Presumptive Republican nominee Mitt Romney told supporters at a swanky fundraiser in President Barack Obama’s hometown on Thursday evening that under his administration they would see an “extraordinary resurgence of America’s economy” because of the former private equity executive’s economic prescription of less taxation, regulation, and government meddling.
Tales from the Trail
Bruce Springsteen and Billy Joel teamed up for the first time on Thursday night for a concert to raise money for the Democrats’ presidential campaign — and kept the Illinois senator waiting in the wings for nearly an hour as they plowed through their songbooks for a happy crowd of donors.
The marathon 3-hour show for nearly 2,000 fans at New York’s Hammerstein Ballroom, where tickets started at $500 and ran to $10,000, included backup help for Springsteen and Joel from Springsteen’s wife Patti Scialfa, singers John Legend and India Arie and Joel’s band.
The two aging rockers traded songs through the night, and by the time presidential contender Barack Obama arrived for a speech that was supposed to close the concert the pair was just getting warmed up.
Springsteen sprawled across Joel’s piano for “Spirit in the Night,” calling out the chord changes to Joel as he went along. Joel played “New York State of Mind” and “Allentown” — his version, not Springsteen’s.
“The Piano Man is gonna become the Guitar Man now — anything can happen,” Springsteen said when Joel grabbed a guitar as they kicked off “Glory Days.”
Springsteen dedicated “Born to Run” to Obama before clambering up and making a closing leap from Joel’s piano — and rushing back to dramatically clean the scuff marks off it.
John Legend and India Arie were featured on the closing version of Curtis Mayfield’s “People Get Ready,” before Obama arrived to declare it “a magical evening.”
“Sorry, Bruce and Billy, but I grew up with you all. They are musical icons,” he said, as Springsteen, Joel and the other musicians huddled in the corner of the stage to listen. “They are the finest musicians of our generation,” he said. “They can tell stories about our lives that resonate in ways a speech won’t do.”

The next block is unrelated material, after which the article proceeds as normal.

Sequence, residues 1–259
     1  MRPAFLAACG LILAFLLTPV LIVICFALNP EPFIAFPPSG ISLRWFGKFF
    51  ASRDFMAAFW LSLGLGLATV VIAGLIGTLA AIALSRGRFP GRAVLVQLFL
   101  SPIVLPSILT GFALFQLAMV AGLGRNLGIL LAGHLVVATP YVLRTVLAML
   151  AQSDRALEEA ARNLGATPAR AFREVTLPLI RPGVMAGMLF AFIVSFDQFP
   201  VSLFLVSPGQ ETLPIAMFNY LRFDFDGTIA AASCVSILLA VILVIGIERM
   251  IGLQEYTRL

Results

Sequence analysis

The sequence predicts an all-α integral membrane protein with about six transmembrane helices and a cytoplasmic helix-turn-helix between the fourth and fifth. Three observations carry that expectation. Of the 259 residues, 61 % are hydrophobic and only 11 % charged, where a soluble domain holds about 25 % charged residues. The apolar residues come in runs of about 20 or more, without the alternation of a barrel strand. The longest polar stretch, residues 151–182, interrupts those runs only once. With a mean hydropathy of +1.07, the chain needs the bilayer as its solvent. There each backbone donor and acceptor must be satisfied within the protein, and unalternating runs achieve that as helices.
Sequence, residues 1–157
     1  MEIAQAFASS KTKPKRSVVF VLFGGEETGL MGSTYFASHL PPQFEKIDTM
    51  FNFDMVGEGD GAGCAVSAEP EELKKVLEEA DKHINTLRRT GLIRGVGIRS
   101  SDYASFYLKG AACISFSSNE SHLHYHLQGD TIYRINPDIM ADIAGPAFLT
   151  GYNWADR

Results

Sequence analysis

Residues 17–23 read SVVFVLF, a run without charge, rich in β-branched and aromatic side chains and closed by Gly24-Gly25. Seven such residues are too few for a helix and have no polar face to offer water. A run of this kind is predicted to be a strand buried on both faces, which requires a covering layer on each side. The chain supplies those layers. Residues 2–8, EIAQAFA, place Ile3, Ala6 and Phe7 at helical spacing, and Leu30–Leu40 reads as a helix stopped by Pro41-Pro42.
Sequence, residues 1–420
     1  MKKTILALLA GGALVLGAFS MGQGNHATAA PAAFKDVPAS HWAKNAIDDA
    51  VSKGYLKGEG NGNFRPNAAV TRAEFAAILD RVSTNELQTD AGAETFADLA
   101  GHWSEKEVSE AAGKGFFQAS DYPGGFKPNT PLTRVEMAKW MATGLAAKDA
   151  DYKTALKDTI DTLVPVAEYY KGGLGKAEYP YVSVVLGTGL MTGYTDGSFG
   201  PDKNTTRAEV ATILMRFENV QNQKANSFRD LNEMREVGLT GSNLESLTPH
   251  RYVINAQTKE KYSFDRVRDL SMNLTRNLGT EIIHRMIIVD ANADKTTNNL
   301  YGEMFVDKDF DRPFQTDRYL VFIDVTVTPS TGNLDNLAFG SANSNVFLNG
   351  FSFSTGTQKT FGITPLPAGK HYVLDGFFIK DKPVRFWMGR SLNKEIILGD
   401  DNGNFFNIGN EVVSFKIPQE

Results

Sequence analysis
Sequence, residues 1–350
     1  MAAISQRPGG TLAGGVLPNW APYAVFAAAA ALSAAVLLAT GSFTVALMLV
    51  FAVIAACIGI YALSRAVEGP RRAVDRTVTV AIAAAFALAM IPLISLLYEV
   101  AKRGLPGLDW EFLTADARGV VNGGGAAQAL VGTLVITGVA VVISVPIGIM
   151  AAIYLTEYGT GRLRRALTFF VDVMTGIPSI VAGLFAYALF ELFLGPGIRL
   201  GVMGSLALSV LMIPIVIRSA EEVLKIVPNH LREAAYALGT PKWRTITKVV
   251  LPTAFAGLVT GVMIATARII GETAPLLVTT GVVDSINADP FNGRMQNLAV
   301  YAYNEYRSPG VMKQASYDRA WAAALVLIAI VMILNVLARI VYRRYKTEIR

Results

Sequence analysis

As he had all day, Obama warned the crowd against overconfidence heading into the Nov. 4 election. “Don’t underestimate the capacity of Democrats to snatch defeat from the jaws of victory,” he said. “Don’t underestimate our ability to screw it up.”
With that, Obama reprised his own greatest hit — his story, rarely heard these days, which ends with him leading the crowd in chants of “Fired Up! Ready to Go!”
He was then joined on stage by his wife Michelle, and the couple danced and clapped along to Springsteen and Joel’s version of the song that now closes Obama rallies — Stevie Wonder’s “Signed, Sealed, Delivered.”
So what does Barack Obama do after a hard day of defending the common man during the worst financial crisis since the Great Depression?
Throw a $28,500-a-head fundraising dinner, of course.
Followed by a $2,500-a-head reception featuring Barbra Streisand singing a song or two.
ARLINGTON, Va. – Democratic presidential candidate Barack Obama likes his chances in the White House battle with Republican John McCain, telling a fundraising reception the odds of his winning are “very good.”
“Let’s face it, there weren’t too many people who thought we were going to pull this off,” Obama told a fundraiser attended by about 40 people on Monday in Arlington, Virginia, in the suburbs of Washington.
“We are now in a position where the odds of us winning are very good. But it is still going to be difficult.”
Obama said he was pleased with his trip to Europe and the Middle East — “we executed very well” — but did not expect it to give him a big bump in polls.
He said people were still evaluating his candidacy because he was a new face in national politics.
“I don’t look like any presidential candidate America has ever seen,” said Obama, the son of a black African father and white mother from Kansas who spent part of his youth in Indonesia.
“It’s not just a function of race, it’s background, experience, resume — this is new for them, and new for us as a country,” he said. He expects a close race to the end.
“We’re not going to see some huge gap develop, some huge separation develop between now and Nov. 4,” he said. “This is going to be a close election for a long time because I’m new on the national scene.